New campaign tells the stories of Sikh Canadians

Who: The Sikh Heritage Museum of Canada, with Barrett and Welsh.

What: “Sikh Canadians. A Canadian past, a Canadian presence,” a new campaign designed to raise awareness of the museum and the history of Sikh Canadians.

When & Where: The English and Punjabi campaign includes print, digital, online video and social media.

Why: The goal is to increase interest in Sikh Canadian history, awareness of the museum and visits to and the museum itself, which is not widely known outside of the Sikh community. The museum’s stated goal is to preserve and honour Sikh Canadian history and the “richness and complexity” of Sikh Canadian identity.

Who is the target: The primary audience is non-Sikh, first-generation South Asian immigrants living in the GTA.

They are the direct beneficiaries of the activism of Sikh Canadians, but are largely unaware of the past struggles and contributions. “The museum exists to fill this knowledge gap and to create a shared sense of cultural pride among all South Asian Canadians,” says Barrett and Welsh’s founding partner and chief creative officer, Gavin Barrett.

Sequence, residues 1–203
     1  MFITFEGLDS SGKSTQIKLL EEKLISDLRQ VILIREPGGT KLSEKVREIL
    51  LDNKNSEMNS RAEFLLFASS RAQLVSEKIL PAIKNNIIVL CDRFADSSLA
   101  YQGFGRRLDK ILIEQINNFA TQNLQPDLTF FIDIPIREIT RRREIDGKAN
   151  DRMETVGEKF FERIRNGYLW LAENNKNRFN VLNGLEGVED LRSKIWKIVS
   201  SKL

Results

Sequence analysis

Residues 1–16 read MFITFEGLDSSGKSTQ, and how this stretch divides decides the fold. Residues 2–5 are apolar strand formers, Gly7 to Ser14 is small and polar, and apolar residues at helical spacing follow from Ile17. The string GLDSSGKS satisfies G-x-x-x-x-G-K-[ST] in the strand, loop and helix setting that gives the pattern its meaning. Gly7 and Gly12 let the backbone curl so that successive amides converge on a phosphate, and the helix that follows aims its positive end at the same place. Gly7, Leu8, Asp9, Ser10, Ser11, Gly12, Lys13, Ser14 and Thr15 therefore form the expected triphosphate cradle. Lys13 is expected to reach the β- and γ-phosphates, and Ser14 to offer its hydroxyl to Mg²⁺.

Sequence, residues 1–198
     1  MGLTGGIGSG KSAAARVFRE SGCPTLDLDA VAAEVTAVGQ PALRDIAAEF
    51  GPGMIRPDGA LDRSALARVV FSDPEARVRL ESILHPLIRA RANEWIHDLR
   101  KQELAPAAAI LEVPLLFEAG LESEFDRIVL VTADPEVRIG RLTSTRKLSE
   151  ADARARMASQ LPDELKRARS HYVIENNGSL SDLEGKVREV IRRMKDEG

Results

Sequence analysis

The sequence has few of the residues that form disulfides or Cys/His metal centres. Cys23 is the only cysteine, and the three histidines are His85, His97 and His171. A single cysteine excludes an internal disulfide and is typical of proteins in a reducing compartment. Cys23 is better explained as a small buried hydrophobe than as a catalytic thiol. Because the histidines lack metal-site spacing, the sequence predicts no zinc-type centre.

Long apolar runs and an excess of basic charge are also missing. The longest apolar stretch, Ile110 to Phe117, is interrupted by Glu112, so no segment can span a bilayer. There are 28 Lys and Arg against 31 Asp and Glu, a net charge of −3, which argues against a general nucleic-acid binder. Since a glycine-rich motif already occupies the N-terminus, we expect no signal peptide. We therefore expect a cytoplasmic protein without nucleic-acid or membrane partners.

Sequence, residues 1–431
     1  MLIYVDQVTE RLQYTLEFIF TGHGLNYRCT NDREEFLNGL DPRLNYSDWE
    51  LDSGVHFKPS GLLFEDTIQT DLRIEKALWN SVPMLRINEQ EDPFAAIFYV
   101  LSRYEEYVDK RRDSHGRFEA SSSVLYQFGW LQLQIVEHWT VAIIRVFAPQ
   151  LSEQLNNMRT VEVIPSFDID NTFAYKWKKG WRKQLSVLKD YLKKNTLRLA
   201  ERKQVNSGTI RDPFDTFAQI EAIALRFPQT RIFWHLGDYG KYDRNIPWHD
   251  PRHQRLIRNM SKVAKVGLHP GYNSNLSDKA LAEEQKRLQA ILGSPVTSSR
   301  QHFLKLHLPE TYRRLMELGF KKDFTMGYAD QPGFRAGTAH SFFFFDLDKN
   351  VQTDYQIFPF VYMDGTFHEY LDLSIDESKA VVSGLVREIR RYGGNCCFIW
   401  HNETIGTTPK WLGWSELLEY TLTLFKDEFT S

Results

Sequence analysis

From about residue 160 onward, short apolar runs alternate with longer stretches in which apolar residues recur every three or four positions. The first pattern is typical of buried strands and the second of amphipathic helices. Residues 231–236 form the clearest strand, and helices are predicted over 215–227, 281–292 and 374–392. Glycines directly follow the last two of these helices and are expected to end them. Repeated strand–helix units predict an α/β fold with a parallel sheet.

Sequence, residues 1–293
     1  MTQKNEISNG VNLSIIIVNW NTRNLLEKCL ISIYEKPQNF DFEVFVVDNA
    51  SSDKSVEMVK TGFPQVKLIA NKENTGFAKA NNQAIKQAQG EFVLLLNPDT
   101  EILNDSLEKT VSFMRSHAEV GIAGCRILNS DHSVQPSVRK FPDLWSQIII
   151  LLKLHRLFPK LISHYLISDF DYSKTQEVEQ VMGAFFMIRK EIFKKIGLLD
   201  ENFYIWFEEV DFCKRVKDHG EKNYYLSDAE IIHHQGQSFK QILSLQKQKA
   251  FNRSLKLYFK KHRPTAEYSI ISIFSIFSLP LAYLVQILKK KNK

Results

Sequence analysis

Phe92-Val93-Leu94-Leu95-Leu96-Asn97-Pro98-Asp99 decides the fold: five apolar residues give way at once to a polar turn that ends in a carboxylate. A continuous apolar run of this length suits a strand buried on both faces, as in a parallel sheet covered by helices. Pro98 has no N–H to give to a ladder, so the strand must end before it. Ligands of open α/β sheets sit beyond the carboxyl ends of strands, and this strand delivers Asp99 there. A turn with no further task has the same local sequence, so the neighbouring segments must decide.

Screen Shot 2020-06-05 at 1.26.50 PMHow: The creative approach is to deliver Canadian history through a Sikh lens to engage South Asian Canadians. The key idea, says Barrett, is to bring the museum to people with a campaign that looks like advertising, but behaves like an exhibit.

The creative is anchored by two long-copy newspaper ads (a relative rarity these days) that detail stories of Sikh Canadians. The first tells the story of the Komagata Maru, a ship containing 337 Sikh immigrants that was turned away from Vancouver in 1914 and sent back to India, where 19 of the people on board were killed and 202 were imprisoned by British authorities.

The second ad tells the more recent story of RCMP Officer Baltej Singh Dhillon, who successfully fought for the right to serve as a Mountie in his turban and beard.

Both ads remind readers why it is important to remember these stories: “We must remember our past, so our presence endures. In doing so, we enrich Canada’s future.” A pair of online videos use historical photos to tell the two stories.

And we quote: “The Sikh Heritage Museum of Canada preserves and honours Sikh Canadian history and the richness and complexity of Sikh Canadian identity. But while most Sikhs are aware of the history, struggles and contributions of the community in Canada, most non-Sikhs are not. The Museum itself is not widely known outside the Sikh community.” — Gavin Barrett,

Chris Powell